Avast there, matey. It's your Modern Literature nightmare come back to sink you.
What sounds more threatening, more deadly, indeed, more fierce, than a naval vessel named after James Joyce?
|James Joyce as a child, demonstrating a love of the sea|
"I was a Flower of the mountain yes when I put the rose in my hair like the Andalusian girls used or shall I wear a red yes and how he kissed me under the Moorish wall and I thought well as well him as another and then I asked him with my eyes to ask again yes and then he asked me would I yes to say yes my mountain flower and first I put my arms around him yes and drew him down to me so he could feel my breasts all perfume yes and his heart was going like mad and yes I said yes I will Yes."
Would you stand and deliver on that sort of command yes I will. Yes.
The LE James Joyce is a sister ship to the LE Samuel Beckett, which was put into service quite recently, and by all accounts has terrified those who still don't understand what "Waiting For Godot" was all about and seeing it again brought back terrible memories of sitting exams. Smugglers trying to bring in illegal ciggies have most likely turned around and gone back to Russia with their contraband, the very thought of encountering Samuel Beckett being enough to protect the Irish coast from foreign danger.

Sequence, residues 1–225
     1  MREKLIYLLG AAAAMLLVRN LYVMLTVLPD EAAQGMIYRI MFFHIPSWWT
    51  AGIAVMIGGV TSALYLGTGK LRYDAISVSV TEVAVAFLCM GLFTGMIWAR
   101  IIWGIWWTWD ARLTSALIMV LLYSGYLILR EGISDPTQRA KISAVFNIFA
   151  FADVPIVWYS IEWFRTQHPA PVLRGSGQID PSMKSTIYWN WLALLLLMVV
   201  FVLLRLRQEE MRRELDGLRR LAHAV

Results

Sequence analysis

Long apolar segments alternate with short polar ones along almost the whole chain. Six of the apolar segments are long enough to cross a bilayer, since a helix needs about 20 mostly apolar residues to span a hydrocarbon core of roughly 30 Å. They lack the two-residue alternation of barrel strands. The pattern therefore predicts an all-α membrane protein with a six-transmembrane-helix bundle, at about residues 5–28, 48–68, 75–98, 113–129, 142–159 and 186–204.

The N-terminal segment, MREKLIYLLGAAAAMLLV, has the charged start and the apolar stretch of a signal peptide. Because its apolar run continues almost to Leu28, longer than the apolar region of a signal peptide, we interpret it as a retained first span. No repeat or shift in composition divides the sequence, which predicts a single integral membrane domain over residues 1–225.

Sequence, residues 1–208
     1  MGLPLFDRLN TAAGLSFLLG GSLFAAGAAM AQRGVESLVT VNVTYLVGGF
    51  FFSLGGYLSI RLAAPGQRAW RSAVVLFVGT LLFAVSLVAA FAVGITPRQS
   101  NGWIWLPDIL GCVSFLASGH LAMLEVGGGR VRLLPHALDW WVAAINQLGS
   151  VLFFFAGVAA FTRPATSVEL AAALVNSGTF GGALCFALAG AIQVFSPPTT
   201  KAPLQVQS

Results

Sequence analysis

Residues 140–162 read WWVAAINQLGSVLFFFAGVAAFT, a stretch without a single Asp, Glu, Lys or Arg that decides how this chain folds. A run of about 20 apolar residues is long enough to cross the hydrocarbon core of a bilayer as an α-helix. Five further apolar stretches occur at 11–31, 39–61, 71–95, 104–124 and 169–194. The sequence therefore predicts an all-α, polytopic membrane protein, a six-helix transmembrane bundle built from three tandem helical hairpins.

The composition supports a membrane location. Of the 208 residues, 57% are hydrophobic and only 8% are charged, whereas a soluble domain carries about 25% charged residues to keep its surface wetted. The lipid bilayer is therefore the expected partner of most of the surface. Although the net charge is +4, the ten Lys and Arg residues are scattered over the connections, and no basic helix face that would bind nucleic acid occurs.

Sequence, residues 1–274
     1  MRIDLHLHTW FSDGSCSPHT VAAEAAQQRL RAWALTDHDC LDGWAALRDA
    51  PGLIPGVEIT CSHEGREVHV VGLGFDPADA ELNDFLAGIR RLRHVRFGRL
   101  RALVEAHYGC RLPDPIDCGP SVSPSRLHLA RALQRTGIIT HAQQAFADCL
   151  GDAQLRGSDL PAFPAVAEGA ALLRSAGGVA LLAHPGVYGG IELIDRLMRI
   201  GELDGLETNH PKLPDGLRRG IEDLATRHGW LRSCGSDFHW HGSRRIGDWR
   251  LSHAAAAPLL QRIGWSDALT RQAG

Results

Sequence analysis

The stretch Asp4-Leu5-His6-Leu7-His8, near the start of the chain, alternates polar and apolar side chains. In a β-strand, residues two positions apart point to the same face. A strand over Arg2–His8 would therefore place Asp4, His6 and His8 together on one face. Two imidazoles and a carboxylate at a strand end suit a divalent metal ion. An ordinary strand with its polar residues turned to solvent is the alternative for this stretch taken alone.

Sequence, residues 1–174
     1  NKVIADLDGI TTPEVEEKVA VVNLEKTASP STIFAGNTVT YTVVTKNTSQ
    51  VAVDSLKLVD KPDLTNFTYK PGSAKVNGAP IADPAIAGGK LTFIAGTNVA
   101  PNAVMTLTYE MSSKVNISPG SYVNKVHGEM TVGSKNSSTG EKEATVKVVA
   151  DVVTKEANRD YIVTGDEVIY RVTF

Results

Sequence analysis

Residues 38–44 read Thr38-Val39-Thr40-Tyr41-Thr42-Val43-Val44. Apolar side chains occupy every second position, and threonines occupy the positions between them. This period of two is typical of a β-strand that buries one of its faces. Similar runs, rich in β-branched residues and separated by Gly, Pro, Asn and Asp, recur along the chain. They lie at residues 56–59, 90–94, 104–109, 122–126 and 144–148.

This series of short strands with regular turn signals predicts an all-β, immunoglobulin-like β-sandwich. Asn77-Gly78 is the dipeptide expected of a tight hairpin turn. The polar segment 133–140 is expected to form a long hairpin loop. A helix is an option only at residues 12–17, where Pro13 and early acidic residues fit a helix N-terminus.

We can only guess that the old way of naming ships after women of Irish myth was not lending the right amount of testosterone-fueled threat to Ireland's reputation at sea. Who can say with pride that he serves on the LE Niamh? "I'm on the Eithne," some sailor might say, and what's the reply except "Is that the singer Enya you're riding? Isn't she a bit old for you, son?"
So there's the navy, trying to butch up the place, and along comes filmmaker Neil Jordan to express his outrage that Irish literary lights are being associated with war and violence. He plans to organize a protest of fellow writers and playwrights who will state quite clearly that they don't want their names on weapons of war. Or on weapons designed to protect their homeland, for that matter, because you wouldn't exactly consider the Irish naval fleet an attack-ready battle group.
Never will the LE Neil Jordan patrol Irish coastal waters. Whether or not Colm Toibin or Roddy Doyle would object remains to be seen. Although Erin Hart has written a couple of books with nautical-sounding titles...but then again, she's a girl and it's the men getting the naval glory.